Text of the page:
I had to take on summer teaching to make ends meet for our family. My husband’s PT job just stopped scheduling him during COVID. He was not fired, furloughed, or laid off. That meant we couldn’t get unemployment and related incentives, nor the paid incentives his job was offering (an extra $2/hour) for those with shifts. He didn’t work a single day for 3 months. This meant that after a combative spring semester shift to distance learning (where our admin made the decision on a Friday to start distance that Monday, against all faculty recommendations), I was exhausted like everyone else. But we were staring down not being able to pay our mortgage, and I’m a medium-income assistant professor in an affordable area of the country. I signed up for a summer course that paid $6000 before taxes, another luxury compared to other faculty, but that doesn’t get paid out until the end of the summer. And it also means I have not gotten a break from teaching since August 2019 (I also taught a winter term course for extra $). In the interim, we’ve had to open 2 new credit cards for necessary living expenses (on top of the 2 we already have). Only 1 of my student loans let me postpone until September. Our health insurance through my university (which both my spouse and I are on) is on a July 1-June 30 annual plan, and premiums just went way up with the new plan July 1st. My employer stopped all contributions to retirement “indefinitely” when they previously contributed 11%.  It feels like we are drowning, and I’ve had some pretty dark thoughts that I’m ashamed of — like what if a car accident just took us out? We don’t have kids, it wouldn’t be that huge of a loss, we’d be free from this financial nightmare, and someone else who needs a TT job could take mine. (I am seeing a therapist and have no plans to hurt myself…just trying to paint a picture of how dire things feel here). I’ve applied to an administrator job at another institution and also have been perusing industry jobs that I don’t feel qualified for, which makes everything feel worse. Not like we could afford to move right now, even with a new employer’s assistance. [Assistant Professor, Professional, 35, Cishet white woman married to a man; 11 years of FT teaching experience. No kids, but we took on FT childcare for 2 kids for the first 4 weeks of the pandemic for a relative on the front lines of health care. It was bananas.]

~~

My university cut our retirement funding match and eliminated our research and travel budgets. If students don’t come back to campus they will likely cut our pay. Administrators have already taken voluntary pay cuts  [Assistant Professor, Humanities, Late 30s, white woman]

~~

for now I’m holding steady. I was expecting a 15% raise this year (merit + correcting for my low starting salary), but that probably won’t happen. no pay cut, though, so I’m currently okay. I just have to be really cautious about my car (was hoping to replace soon with a better-condition used car), and figure out which home repairs to prioritize.  [Assistant Professor, Humanities, 39, white, cisfemale, heterosexual, single]

~~

Lost 30% of my startup and 15% salary during negotiation due to covid. But the offer still went through.[Assistant Professor, Stem, 35 married white cis het f. Accepted faculty position in May. Start date Jan 2021]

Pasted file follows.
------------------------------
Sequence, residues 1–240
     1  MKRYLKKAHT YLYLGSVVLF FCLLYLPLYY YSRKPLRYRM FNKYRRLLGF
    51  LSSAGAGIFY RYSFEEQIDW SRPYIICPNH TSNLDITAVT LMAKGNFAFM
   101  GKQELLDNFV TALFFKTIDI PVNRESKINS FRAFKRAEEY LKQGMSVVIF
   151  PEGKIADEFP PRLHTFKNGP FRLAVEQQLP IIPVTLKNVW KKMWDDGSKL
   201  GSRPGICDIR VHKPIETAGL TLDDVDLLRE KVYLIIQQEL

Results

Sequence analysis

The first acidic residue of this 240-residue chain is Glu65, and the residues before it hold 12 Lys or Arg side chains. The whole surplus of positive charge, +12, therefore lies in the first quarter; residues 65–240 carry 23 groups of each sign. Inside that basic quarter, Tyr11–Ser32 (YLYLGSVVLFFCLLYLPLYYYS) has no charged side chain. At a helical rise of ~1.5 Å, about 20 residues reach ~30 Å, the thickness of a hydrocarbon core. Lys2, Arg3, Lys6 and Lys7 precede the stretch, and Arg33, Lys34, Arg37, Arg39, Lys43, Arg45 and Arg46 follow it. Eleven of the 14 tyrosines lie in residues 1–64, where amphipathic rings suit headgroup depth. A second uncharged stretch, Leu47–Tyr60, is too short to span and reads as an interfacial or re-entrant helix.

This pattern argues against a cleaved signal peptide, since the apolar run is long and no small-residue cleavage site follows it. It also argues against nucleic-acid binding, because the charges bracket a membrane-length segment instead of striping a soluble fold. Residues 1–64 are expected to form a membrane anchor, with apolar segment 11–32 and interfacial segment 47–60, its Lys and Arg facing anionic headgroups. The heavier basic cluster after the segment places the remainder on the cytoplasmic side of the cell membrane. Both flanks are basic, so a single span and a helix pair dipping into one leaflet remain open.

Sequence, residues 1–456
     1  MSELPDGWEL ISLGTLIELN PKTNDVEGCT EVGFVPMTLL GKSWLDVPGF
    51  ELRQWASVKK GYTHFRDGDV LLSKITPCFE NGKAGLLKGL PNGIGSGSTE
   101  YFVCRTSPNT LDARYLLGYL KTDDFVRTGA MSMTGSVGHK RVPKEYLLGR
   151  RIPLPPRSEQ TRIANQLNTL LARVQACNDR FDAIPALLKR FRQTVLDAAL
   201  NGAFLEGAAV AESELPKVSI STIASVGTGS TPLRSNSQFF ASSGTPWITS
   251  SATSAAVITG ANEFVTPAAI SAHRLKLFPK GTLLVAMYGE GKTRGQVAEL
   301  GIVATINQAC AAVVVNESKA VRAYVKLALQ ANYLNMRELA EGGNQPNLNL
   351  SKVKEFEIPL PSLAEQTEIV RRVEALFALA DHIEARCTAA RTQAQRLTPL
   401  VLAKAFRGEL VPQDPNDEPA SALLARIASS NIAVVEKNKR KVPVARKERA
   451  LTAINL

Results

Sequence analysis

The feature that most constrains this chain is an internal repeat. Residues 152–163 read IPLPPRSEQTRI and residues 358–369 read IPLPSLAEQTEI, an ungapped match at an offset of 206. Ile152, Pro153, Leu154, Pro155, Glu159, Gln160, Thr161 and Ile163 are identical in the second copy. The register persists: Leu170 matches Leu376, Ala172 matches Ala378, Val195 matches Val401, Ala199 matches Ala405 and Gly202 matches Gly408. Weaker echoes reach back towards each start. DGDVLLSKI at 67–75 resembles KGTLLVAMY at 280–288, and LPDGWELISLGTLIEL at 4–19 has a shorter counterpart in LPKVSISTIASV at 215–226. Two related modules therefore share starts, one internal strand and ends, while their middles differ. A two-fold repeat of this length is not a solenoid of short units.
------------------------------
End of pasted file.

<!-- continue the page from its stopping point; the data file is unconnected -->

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My pay has been cut 20% at my current institution. Research funds down 40%. An offer I got in March for a different academic institution had a spousal hire offer for my partner as well, but then when the economy collapsed they downgraded my partner’s 3 year visiting offer to a 1 year with no renewal. So we couldn’t take the offer. [Assistant Professor, Social Sciences, female, arab, 29 years old, heterosexual, married]

~~

Pay cut by 10% for 3 months. Later informed that after the 3 months, it would be decreased to 6.5% indefinitely in light of COVID-19. Hiring freeze also arose so it was initially thought to hire grad students, but it ‘worked out’ since I bring in 88% of my salary. [Assistant Professor, Public Health (not sure if this is considered STEM in your eyes); yet connected to a Medical School), 37, African American, Male, Married, R1 institution]

~~

Both me and my partner had a 3% pay cut and also our university stopped contributing to our retirement accounts. We have a 6 and a 9 year old, we will be paying a fortune in the fall to get them care as the schools won’t be open in NYC fully but our work surely has doubled. [Assistant Professor, Humanities, 42/Caucasian/  married with two young kids also partner is a full-time academic]

~~

My university did not provide usual annual 2% salary increase and stopped 401k contributions for 4 months (for now). Since classes were taught remotely, I was not commuting for 1.5h daily so it helped me save on some babysitting costs. [Assistant Professor, Health Professions, Female, married,  mother of two young kids]

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About Karen Kelsky

I am a former tenured professor at two institutions--University of Oregon and University of Illinois at Urbana Champaign. I have trained numerous Ph.D. students, now gainfully employed in academia, and handled a number of successful tenure cases as Department Head. I've created this business, The Professor Is In, to guide graduate students and junior faculty through grad school, the job search, and tenure. I am the advisor they should already have, but probably don't.